Collaborative Intelligence by Dawn Markova and @AngieMcAr, CEOs of Professional Thinking Partner.

I'm intrigued by the title.…
Life doesn't have to be dog-eat-dog. It can be where people share ideas.

This reminds me of this morning's run where Jim was telling me about how TV developed, and like all things in engineering, there was incremental change, and shared or stolen IP.…
"In a world where value is not just placed on things but also on ideas, collaboration has become the most important skill."

Our education has let us down by training us to be individuals rather than working in teams. Just think about all those exams...
Did you ever get to collaborate? No, that's cheating. But in reality, we don't work as individuals. The authors think we've been trained for a "market-share economy" that values things and power enacted through hierarchy.
Another model exists. The "mind-share economy" which is based on ideas and relationships. When two people interact, they can generate new ideas. This is the creative side to humanity. I recognise this in my runs with Jim. Listening to him makes me think of different ideas.
I also see elements of mind-share in research, going to conferences, etc.

Mind-share and market-share economies need to be balanced. You need collaborative intelligence to balance them well.…
“Market-share mentality is trying to answer who is right and who is wrong, whereas mind-share asks for what is possible.”…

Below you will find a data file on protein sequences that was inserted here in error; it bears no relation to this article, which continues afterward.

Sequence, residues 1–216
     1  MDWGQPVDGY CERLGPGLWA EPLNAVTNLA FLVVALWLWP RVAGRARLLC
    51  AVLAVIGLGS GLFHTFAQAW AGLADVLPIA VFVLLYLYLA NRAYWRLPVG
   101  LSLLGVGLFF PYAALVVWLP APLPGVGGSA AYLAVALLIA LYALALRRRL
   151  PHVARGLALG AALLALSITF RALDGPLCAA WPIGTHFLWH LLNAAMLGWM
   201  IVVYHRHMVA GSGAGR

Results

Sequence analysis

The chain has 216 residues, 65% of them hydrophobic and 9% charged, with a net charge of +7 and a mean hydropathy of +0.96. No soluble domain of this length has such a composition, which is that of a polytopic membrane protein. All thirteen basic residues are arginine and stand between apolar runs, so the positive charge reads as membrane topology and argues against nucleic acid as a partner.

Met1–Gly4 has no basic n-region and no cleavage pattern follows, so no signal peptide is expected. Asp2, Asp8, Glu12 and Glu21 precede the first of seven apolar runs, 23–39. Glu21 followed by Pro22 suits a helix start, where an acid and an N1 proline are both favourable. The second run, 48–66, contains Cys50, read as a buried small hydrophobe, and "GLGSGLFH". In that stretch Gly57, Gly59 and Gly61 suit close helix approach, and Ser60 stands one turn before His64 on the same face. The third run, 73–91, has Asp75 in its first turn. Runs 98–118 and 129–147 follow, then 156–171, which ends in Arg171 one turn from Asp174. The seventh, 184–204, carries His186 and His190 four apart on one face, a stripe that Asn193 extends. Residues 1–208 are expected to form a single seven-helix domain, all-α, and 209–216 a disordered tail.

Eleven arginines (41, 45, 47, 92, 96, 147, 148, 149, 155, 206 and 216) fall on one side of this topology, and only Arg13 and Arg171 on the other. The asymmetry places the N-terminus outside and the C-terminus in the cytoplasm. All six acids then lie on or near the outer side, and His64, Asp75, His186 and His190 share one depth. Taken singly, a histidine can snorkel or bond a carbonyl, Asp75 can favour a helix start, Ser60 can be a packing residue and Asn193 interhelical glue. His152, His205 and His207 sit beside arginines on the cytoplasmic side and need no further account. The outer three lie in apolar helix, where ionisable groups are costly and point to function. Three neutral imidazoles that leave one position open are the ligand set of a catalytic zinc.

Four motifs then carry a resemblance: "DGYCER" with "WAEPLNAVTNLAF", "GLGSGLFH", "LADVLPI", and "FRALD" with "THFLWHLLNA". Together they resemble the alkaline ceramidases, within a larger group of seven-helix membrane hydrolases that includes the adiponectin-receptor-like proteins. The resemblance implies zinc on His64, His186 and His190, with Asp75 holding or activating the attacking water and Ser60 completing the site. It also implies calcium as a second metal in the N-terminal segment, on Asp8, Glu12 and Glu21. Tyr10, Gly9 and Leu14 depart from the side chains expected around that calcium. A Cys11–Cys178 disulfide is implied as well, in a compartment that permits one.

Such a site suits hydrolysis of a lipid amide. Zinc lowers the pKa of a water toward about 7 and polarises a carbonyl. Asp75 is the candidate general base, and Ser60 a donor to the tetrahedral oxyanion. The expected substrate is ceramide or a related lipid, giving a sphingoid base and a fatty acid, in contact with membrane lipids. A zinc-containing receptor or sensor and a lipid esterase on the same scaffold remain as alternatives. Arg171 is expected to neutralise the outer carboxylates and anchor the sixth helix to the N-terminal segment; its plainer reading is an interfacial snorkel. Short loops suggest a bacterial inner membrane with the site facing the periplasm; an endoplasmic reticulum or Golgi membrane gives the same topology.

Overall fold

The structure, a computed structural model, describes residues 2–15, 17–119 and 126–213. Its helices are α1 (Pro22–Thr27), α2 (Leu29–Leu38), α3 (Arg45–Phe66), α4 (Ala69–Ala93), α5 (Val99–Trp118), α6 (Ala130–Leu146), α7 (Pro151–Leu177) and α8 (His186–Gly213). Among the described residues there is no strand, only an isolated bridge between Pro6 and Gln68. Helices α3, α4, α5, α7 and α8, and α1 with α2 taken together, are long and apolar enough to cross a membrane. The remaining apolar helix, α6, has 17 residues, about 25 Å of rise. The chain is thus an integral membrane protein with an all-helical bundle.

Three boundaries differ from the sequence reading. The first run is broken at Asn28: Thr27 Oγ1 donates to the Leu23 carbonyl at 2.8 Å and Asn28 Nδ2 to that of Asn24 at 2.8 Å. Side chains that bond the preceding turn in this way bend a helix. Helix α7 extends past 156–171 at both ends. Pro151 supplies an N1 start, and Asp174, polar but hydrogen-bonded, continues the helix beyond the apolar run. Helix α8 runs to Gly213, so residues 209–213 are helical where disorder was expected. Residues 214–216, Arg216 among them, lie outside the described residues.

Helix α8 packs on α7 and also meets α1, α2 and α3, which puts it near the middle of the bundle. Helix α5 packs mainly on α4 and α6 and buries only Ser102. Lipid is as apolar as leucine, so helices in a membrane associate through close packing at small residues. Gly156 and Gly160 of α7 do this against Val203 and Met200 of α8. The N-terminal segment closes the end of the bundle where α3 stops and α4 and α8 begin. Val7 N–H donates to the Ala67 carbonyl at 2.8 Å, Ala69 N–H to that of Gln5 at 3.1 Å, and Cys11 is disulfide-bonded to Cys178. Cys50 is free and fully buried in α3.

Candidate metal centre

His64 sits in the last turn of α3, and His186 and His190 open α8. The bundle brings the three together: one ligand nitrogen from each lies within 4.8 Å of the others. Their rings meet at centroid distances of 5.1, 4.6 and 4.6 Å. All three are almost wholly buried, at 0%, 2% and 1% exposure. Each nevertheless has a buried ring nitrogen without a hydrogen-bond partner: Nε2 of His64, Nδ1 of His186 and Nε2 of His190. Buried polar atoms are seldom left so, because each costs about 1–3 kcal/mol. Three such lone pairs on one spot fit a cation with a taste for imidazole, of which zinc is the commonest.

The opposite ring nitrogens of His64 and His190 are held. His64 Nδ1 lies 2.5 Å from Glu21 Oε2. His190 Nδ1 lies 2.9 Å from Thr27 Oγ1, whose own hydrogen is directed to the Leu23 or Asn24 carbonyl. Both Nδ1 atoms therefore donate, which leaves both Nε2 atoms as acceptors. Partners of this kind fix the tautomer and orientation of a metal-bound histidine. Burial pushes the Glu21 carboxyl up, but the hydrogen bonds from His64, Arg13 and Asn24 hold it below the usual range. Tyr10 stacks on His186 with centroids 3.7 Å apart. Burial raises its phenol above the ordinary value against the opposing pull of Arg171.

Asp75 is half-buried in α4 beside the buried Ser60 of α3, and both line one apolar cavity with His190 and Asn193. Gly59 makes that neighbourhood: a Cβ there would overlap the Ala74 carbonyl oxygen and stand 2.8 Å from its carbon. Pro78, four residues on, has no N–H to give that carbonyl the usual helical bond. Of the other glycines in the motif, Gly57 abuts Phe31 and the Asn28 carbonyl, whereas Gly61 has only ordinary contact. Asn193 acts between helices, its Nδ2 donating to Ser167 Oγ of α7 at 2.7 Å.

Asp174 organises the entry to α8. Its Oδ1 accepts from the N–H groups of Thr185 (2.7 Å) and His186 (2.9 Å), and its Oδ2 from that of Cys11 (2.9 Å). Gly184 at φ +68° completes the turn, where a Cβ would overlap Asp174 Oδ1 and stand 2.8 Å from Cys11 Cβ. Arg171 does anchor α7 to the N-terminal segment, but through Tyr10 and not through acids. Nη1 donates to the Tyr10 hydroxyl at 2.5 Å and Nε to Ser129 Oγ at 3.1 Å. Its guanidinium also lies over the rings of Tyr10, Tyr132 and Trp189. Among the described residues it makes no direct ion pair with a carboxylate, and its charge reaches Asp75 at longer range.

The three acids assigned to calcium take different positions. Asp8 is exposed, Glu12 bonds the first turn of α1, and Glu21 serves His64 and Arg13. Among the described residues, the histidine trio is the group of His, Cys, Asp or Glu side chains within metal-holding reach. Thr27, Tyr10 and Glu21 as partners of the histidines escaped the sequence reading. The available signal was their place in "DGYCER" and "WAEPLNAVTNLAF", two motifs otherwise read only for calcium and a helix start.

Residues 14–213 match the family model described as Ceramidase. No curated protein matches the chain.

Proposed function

The authors think there are three types of attention. Focused attention, sorting attention (shifting between the external and internal) and open attention (which produces new insights and thoughts).

Maybe open attention is a bit like day dreaming?…
We process information different ways. Kinesthetic, visual and auditory methods are used.

Knowing which way you process and handle different types of attention helps you accomplish tasks.…
Experiment to find different ways of helping yourself to comprehend &communicate. Once you master this, you can work on how your conversation partner processes the information.

Start by asking people what forms of communication are most effective to them.
The kinesthesia reminds me of what @askpang wrote in rest about walking and creativity.…
I think he was referring to this 2014 study by Oppezzo and Schwartz. "Give your ideas some legs"……
The authors talk about thinking talents in this section. They lost me when they said there are 35 different ones. They then start talking about "deficit-oriented culture". This resonates. We should play to our strengths.…
The authors here quote Ned Hermann's idea in the Creative Brain that we have 4 quadrants of thinking.